Gracious old colonial buildings like the Rand Club, original post offices, old police stations, historical hotels, farmhouses and shops rub shoulders with the Carlton Centre (still Africa’s tallest building at 50 storeys), glitzy shopping malls, five-star hotels, major highways, classy restaurants, award-winning museums, art galleries, lovely parks and newer historical landmarks.

And because it’s such a diverse and cosmopolitan city – a magnet of opportunity for peoples from all over the world, especially other parts of Africa – as you go from one part to another, you’ll find yourself travelling from posh upmarket suburbs like Sandton and Rosebank, to mini villages like downtown Fordsburg that is a melting pot of different global cultures; and from Chinatown to traditionally Indian areas, from bustling local markets to a revitalised, culturally stimulating inner city.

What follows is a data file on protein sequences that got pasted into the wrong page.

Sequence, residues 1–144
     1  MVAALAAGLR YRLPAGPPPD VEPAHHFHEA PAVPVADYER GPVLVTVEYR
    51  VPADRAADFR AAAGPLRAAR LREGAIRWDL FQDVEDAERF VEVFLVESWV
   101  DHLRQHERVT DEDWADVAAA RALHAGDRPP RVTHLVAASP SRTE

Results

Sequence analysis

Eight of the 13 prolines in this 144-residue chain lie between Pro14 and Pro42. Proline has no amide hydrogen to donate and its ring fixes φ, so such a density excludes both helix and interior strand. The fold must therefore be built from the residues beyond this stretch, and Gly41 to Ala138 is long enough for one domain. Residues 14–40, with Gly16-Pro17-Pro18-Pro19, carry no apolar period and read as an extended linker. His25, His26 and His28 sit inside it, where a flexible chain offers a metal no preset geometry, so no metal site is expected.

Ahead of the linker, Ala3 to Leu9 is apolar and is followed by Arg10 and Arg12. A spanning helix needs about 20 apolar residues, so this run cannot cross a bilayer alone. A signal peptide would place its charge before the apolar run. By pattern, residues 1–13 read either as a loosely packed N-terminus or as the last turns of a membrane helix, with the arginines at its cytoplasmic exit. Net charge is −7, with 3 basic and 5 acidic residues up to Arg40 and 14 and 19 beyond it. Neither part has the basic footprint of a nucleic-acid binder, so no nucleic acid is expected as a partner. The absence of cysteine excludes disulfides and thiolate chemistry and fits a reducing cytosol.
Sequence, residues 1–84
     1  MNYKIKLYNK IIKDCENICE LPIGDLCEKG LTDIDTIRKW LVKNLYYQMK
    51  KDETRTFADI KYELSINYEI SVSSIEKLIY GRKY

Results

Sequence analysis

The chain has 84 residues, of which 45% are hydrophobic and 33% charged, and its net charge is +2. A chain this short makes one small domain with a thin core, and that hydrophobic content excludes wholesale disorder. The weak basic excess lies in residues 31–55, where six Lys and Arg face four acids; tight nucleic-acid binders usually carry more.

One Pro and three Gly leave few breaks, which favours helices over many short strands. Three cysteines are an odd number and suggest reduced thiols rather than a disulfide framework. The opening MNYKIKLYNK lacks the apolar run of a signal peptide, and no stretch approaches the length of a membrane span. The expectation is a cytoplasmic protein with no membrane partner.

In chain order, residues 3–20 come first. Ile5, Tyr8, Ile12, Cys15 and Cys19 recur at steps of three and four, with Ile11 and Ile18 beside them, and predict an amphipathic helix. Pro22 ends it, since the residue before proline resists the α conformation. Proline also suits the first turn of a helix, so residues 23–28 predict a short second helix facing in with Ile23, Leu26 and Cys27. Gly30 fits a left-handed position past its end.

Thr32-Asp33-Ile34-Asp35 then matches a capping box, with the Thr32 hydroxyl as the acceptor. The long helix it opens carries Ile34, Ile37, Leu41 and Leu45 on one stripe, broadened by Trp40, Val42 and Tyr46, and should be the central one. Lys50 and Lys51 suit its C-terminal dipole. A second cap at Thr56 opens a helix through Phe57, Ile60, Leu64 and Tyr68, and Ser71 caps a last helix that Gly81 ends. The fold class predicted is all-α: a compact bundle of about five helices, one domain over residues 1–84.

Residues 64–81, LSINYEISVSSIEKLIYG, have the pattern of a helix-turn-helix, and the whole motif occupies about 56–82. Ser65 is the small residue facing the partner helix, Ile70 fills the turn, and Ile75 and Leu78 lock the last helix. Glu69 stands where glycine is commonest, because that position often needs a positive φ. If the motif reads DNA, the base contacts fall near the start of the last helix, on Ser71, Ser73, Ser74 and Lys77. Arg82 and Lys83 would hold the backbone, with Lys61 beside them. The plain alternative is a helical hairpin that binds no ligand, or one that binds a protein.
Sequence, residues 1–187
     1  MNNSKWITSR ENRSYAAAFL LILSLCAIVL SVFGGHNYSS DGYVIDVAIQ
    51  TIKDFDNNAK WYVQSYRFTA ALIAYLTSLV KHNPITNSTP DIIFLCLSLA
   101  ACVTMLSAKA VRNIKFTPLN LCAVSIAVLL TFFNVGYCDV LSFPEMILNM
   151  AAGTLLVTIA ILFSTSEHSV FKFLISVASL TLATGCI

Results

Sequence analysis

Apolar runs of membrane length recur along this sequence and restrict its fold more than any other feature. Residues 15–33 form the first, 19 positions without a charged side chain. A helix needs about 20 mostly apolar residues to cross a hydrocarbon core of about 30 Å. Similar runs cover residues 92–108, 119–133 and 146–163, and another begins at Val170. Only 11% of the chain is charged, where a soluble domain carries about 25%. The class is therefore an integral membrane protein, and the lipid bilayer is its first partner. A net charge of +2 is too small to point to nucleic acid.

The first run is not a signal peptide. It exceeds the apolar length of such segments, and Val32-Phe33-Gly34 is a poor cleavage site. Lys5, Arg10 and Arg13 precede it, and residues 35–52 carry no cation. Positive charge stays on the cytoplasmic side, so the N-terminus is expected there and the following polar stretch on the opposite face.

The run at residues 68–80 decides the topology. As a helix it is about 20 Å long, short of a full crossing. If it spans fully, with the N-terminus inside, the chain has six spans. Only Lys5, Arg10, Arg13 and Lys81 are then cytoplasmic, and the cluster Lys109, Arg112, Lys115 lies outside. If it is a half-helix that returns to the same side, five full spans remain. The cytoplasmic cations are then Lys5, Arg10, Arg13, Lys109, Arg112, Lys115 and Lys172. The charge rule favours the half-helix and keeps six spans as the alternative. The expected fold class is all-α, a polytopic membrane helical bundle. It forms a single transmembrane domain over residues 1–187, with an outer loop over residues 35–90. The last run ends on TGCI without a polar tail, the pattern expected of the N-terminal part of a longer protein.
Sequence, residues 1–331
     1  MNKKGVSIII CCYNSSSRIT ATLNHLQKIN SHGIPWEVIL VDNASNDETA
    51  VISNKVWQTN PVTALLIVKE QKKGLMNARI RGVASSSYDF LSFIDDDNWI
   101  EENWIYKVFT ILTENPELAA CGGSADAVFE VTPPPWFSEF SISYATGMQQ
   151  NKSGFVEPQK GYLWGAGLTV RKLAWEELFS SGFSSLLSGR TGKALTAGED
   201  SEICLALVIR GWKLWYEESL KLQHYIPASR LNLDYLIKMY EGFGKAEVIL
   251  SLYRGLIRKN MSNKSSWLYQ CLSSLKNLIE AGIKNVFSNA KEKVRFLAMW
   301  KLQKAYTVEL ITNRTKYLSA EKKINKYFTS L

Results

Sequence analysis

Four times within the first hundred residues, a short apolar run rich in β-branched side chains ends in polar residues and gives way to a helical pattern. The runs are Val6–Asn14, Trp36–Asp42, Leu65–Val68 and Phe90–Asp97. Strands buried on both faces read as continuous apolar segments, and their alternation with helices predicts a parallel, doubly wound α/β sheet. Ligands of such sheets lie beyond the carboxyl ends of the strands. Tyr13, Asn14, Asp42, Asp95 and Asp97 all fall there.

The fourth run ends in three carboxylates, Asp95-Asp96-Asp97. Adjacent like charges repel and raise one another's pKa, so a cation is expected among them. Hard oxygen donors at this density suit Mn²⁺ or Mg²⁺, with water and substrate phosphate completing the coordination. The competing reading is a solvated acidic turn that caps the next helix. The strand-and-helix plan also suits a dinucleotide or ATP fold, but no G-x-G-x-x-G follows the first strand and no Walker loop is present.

Jozi is a young city, exhilarating, sometimes exhausting, but always exciting. Spend a few hours, a day, a week – you’ll never run out of things to see and do. The Gautrain from OR Tambo International Airport, Sandton, Rosebank or Pretoria will whisk you downtown to Park Station in no time, where you can board the double-decker red City Sightseeing bus. Hop on and hop off at any of about a dozen stops, or just stay aloft and watch this vibrant city roll past.

If you fancy some history, then take the add-on tour to Soweto and visit the only street in the world where two Nobel Peace Prize laureates, Nelson Mandela and Emeritus Archbishop Desmond Tutu, once lived. If you need a bit of physical exercise then tour Soweto on foot or by bike with registered guides, or if you’re an adrenalin junkie then bungee jump from Soweto’s iconic Orlando Towers.

Need something less adventurous? Then what about a stroll through the lovely Walter Sisulu National Botanical Garden, where black eagles nest; or a hike along a heritage trail through historic Westcliff.